All this said, how far is too far, and how do we balance the need for intensity with common sense safety and control? Several modern practitioners have weighed in on this issue, and there are differing takes. Some claim that play, or sparring, was not something historical swordsmen did, so the issue of intensity is therefore moot. In response to these fools, we can point out that there exists a relative wealth of historical evidence for play, the above quote from the English martial poem Man Yt Wol being but one example.

Indeed, Man Yt Wol offers perhaps the best example available to us for intensity in regards to play, because it affords us a deeper context to play (as in "swordplay"), or sparring. And this deeper context? The poem admonishes the swordsman that there is only one way to pursue the Art of the Sword, whether teaching the Art, engaging in play with a partner, or in life or death encounters going at it for real: in all cases, you must engage the student, the fellow player, or the bitter enemy with deadly seriousness, as if it were for real (and in the case of an enemy or attacker, of course, it was). Another 15th century English poem, dubbed "The Poem of the Pell", echoes this sentiment:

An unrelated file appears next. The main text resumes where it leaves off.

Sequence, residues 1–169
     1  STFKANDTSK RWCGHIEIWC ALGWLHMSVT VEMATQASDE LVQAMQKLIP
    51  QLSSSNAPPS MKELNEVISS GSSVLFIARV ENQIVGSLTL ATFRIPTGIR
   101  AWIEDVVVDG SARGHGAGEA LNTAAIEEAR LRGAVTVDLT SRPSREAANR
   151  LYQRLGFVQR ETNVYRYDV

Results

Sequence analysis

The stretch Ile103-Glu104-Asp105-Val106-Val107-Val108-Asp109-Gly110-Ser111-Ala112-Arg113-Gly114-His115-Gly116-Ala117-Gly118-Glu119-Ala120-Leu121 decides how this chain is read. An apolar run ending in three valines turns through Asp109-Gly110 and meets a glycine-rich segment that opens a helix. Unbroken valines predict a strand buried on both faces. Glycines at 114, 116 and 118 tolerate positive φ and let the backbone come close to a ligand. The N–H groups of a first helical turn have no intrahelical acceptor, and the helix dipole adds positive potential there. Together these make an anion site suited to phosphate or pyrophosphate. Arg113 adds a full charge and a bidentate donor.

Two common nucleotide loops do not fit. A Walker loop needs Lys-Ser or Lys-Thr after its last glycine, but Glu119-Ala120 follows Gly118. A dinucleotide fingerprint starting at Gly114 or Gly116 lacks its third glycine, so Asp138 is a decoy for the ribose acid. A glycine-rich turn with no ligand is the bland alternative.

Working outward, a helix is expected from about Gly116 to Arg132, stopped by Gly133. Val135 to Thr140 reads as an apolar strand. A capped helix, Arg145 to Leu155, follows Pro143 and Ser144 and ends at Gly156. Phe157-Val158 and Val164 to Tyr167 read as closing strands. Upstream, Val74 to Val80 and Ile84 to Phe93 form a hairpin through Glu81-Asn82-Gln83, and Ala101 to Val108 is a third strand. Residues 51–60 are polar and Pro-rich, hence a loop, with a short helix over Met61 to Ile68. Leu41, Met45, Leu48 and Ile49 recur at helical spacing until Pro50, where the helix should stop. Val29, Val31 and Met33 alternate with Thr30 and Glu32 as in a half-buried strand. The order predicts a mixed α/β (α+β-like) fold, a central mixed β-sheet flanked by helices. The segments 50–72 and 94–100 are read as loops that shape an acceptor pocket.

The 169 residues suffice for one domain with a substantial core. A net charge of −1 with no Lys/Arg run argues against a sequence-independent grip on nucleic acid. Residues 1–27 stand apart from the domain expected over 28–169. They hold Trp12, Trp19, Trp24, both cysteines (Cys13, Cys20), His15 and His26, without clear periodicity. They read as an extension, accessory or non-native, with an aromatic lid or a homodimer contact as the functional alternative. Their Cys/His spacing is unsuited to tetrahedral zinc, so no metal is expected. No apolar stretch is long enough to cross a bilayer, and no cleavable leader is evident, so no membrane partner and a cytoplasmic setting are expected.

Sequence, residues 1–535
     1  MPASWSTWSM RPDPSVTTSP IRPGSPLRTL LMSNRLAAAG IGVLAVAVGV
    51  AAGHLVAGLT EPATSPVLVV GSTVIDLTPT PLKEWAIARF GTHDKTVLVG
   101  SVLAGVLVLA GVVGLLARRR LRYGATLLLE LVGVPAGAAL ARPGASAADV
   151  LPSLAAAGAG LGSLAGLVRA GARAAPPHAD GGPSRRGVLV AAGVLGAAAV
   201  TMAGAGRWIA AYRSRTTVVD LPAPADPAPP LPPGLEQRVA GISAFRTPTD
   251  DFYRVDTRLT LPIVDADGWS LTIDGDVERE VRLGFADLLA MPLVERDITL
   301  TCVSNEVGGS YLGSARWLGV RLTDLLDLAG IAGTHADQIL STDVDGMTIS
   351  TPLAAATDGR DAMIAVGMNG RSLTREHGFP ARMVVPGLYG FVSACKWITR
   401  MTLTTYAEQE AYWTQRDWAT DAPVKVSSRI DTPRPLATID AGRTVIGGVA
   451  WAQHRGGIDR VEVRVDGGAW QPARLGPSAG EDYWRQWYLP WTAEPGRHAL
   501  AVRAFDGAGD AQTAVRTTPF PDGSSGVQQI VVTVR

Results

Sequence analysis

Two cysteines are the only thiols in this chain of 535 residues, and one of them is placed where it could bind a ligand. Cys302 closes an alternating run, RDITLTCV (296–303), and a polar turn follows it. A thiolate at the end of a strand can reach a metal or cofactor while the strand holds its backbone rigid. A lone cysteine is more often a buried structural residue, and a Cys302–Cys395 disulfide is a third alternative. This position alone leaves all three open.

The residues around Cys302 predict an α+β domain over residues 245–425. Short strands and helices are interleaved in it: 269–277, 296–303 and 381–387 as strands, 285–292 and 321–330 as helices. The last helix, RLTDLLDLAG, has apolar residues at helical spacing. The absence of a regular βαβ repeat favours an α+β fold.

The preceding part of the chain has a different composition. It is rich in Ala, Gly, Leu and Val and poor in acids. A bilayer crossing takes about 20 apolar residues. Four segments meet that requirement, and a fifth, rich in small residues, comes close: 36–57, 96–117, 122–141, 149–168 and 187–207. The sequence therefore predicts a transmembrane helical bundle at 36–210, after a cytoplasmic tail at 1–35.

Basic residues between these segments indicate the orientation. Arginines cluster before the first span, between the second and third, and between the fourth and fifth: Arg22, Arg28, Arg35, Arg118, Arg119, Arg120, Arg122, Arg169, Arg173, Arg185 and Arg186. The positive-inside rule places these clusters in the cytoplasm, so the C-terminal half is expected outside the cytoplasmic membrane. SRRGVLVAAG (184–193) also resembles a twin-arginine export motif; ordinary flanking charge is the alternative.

Have eche his pile or pale upfixed fast
And as it were uppon his mortal foe
With mightyness and weapon most be cast
To fight stonge, that he ne skape him fro
On hym with shield, and sword avised so
That thou be cloos, and Preste thy foe to smyte
Lest of thyne own dethe thou be to wite


Have each [man] his [pell] upfixed (placed in the ground) fast (strongly, securely),
And as [if] it were upon his mortal foe,
With mightiness (with ferocity) and weapon must be cast (attack the pell with the aforementioned);